Molecular Pharmacology and Biological Chemistry
James Lee

Targeting MicroRNA-21 for Therapy Against Prostate Cancer Progression and Metastasis

  • Faculty Advisor

    Ming Zhang

Published On

May 2012

Originally Published

NURJ 2011-12


With its ability to affect every organ and tissue through various mechanisms, cancer is one of the most complex diseases that we face. Prostate cancer is the most prevalent cancer in men; one in six men will be diagnosed with prostate cancer during his lifetime, and one in thirty-six men will die of the disease.1,2 The role of microRNA-21 (mir-21) in prostate cancer has not been clearly defined yet, and the goal of this experiment is to investigate how mir-21 affects prostate cancer progression and metastasis (invasion of other organs). Understanding its role might be a key in designing a new therapeutic approach to prostate cancer.


MicroRNAs (miRNA) regulate gene expression by degrading messenger RNA (mRNA) that encode for proteins.[3][4] A single miRNA molecule can interact with as many as hundreds of target mRNAs and can therefore orchestrate many different pathways at once to elicit a broader cellular response.[3][4] A few of these modulators are deregulated in cancer, making miRNA a potential target for therapy.[3]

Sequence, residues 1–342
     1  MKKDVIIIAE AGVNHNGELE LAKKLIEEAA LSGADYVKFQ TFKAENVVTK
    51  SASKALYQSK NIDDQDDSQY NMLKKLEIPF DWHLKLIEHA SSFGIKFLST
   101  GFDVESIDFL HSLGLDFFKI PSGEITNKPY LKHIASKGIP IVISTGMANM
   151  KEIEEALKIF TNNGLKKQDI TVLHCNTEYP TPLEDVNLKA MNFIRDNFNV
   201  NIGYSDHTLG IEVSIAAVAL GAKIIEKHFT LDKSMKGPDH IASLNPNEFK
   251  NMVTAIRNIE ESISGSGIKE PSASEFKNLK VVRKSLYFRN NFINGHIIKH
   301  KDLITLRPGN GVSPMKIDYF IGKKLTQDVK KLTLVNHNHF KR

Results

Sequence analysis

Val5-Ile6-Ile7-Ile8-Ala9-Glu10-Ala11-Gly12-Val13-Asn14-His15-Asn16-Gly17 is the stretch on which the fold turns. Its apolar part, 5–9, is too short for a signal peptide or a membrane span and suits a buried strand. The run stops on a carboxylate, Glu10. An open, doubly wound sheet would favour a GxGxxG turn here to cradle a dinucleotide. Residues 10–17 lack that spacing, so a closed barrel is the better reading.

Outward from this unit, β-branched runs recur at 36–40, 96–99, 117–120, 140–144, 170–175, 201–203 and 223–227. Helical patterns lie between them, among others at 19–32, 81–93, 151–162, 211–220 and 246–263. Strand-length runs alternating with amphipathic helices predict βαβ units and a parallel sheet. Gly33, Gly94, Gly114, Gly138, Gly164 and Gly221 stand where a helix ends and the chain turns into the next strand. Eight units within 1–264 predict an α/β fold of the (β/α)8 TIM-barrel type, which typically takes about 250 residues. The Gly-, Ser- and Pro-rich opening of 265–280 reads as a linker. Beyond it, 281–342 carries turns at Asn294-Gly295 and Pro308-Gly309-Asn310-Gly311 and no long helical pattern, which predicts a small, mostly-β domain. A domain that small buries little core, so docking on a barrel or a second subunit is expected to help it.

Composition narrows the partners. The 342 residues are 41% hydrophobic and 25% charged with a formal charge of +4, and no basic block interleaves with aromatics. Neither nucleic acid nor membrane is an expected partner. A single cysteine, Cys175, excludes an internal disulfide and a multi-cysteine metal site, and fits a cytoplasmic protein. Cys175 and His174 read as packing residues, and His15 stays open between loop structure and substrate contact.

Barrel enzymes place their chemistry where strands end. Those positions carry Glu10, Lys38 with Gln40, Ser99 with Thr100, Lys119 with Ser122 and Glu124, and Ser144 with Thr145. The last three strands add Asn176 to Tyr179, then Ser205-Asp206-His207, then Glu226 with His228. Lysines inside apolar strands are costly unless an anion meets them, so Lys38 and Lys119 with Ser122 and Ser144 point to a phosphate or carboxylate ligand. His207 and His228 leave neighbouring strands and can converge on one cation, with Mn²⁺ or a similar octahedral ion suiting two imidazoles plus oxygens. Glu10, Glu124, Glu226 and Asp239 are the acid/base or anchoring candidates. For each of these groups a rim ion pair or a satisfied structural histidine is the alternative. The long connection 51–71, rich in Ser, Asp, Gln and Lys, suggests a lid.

Cancer results from multiple perturbations of different genes and proteins.[3] Within this context, miRNAs serve as pivotal centers, capable of concurrently regulating networks of related processes in cancer progression and metastasis (figure 1).[3][5] Considering this unique ability of miRNA, miRNA-mediated cancer therapy will be more comprehensive than therapy targeting individual genes or proteins.[3] Also, miRNA’s specificity for mRNA sequences make miRNA treatment more effective than current chemotherapy that affects normal cells.[3]

Figure 1

Mir-21 is one of the miRNAs deregulated in cancer.[5] Its over-expression is correlated with tumor growth, but its mechanism is not yet understood.5 Understanding mir-21’s role in prostate cancer can help develop a therapeutic approach targeting mir-21-mediated pathways.

Previous research suggests that transforming growth factor beta (TGF-β) and Ras, two proteins involved in cancer, activate mir-21.[4][5] In prostate cancer, Ras activation and aberrant TGF- β activity play significant roles in tumor progression, suggesting a relationship between these proteins and mir-21.[5][6] Also, maspin, a key tumor suppressor, is believed to be downregulated by mir-21, contributing to tumor proliferation and invasion.[2][7][8][9][10][11] Therefore I hypothesize that TGF- β and Ras induce mir-21 expression in prostate cancer. This in turn silences maspin, subsequently leading to prostate cancer progression and metastasis.